How to train your brain for better dates — and sex

If things aren’t working out in your love life, maybe it’s about time you saw a doctor.

A New York City psychologist is using a special kind of therapy to help her clients take charge of their bad dating habits and find love.

Elizabeth Cohen, Ph.D., has been using cognitive behavioral therapy with her clients for 15 years. The therapy, which is more broadly used to treat anxiety-related issues, identifies a patient’s more destructive thoughts, assumptions and behaviors and, with the help of the therapist, corrects them. About 12 years ago, Cohen found that the therapy’s principles were just as useful for her clients who were frustrated with their dating prospects and needed help figuring out what they wanted in a relationship.

or example, a lot of singles may assume their dates are going to reject them, perhaps because of past experiences. Negative assumptions like this are called cognitive biases, and fixating on them tends to distract people from the more encouraging parts of a date, like flirtation, Cohen says. This can result in behaviors that are real turn-offs to romantic interests.

“We want to bring our cognitive biases [into] our awareness, so we can understand how they’re impacting us and make different choices,” says Cohen.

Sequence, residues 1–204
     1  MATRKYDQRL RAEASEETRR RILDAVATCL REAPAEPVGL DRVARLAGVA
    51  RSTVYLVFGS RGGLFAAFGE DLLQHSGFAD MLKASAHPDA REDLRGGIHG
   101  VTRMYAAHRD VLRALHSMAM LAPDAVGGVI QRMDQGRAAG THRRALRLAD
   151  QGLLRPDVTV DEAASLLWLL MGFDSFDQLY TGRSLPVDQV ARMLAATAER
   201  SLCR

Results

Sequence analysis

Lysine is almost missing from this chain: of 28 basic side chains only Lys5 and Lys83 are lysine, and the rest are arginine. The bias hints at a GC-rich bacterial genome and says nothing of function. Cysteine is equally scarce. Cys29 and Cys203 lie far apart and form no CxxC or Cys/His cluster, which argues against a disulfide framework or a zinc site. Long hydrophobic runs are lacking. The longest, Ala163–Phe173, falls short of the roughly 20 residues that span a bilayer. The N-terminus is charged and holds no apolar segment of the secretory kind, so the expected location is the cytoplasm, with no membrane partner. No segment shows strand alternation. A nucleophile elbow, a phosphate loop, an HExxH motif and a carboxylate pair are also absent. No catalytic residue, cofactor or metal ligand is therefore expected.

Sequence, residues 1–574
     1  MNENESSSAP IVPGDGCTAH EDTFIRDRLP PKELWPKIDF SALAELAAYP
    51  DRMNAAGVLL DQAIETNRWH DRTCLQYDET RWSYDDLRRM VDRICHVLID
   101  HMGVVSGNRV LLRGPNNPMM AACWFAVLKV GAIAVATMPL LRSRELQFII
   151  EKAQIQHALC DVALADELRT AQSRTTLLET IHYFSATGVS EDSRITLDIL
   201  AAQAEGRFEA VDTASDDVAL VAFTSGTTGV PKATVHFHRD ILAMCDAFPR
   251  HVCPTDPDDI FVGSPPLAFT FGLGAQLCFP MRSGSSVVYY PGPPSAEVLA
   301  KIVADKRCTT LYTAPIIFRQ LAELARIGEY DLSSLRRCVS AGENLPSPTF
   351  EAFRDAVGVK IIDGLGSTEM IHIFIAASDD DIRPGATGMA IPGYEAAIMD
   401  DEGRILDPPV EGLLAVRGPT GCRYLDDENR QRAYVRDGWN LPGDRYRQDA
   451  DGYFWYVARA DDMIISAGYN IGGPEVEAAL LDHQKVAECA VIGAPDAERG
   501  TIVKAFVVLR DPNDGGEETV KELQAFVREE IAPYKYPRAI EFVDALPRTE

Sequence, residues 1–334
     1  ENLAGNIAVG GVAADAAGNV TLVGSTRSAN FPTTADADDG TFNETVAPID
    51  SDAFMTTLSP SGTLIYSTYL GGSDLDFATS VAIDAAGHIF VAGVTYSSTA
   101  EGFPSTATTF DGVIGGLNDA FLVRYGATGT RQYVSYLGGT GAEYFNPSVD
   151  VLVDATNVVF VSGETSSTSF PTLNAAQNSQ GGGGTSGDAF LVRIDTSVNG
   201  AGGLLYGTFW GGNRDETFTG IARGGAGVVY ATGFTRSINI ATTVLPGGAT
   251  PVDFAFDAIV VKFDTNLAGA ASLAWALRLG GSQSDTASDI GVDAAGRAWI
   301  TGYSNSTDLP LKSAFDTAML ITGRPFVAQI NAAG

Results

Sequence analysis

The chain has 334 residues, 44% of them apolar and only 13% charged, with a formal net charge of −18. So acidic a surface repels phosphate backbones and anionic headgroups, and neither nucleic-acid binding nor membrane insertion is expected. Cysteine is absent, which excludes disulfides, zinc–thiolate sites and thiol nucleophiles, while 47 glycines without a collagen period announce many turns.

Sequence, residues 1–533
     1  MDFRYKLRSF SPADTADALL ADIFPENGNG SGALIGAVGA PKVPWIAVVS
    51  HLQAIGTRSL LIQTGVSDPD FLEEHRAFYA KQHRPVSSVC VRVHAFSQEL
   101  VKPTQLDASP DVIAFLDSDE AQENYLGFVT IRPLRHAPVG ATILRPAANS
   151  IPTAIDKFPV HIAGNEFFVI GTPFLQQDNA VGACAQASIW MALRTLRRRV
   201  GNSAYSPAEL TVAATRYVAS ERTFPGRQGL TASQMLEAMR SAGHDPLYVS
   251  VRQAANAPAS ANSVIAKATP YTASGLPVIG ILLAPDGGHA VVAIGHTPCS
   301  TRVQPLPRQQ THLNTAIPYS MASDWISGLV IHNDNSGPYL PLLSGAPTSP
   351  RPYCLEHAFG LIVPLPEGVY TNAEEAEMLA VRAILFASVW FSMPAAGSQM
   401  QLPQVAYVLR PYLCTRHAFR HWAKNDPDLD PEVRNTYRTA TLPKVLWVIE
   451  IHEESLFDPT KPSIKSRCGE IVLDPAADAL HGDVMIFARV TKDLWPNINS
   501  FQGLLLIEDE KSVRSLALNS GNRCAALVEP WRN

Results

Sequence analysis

She says she’s helped about 15 of her clients find love using this technique. Their success inspired her to host an eight-hour workshop for single people on April 23 from 10 a.m. to 6 p.m. (for more information go to The cost of the NYC workshop is $500, but here, Cohen offers some free tips:

Know what you want

Think of a date like a job interview, and consider whether the person is someone you’d enter a long-term business arrangement with.

“Knowing your behavioral and emotional goals is the first step of Cognitive Behavioral Therapy, because you need to identify behavior you want to modify,” Cohen says.

Breathe before you text

Before you pick up your iPhone, consider about what you’d like to communicate to a potential partner, instead of trying to predict what he’ll say back.

“It’s difficult to … write a text that is really what you feel and not what you think will get the response you want,” Cohen says. But it’s crucial. “Authenticity is the key to a healthy relationship.”

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